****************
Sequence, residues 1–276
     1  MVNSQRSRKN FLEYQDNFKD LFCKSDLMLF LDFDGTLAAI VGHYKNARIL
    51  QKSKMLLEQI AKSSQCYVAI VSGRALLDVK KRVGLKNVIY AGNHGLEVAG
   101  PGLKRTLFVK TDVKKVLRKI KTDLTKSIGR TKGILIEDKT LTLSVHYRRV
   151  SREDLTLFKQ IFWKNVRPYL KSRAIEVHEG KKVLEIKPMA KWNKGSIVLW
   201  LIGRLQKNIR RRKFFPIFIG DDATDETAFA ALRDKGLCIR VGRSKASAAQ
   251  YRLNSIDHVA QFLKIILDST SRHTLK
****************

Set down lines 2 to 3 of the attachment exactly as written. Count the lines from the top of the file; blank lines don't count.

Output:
     1  MVNSQRSRKN FLEYQDNFKD LFCKSDLMLF LDFDGTLAAI VGHYKNARIL
    51  QKSKMLLEQI AKSSQCYVAI VSGRALLDVK KRVGLKNVIY AGNHGLEVAG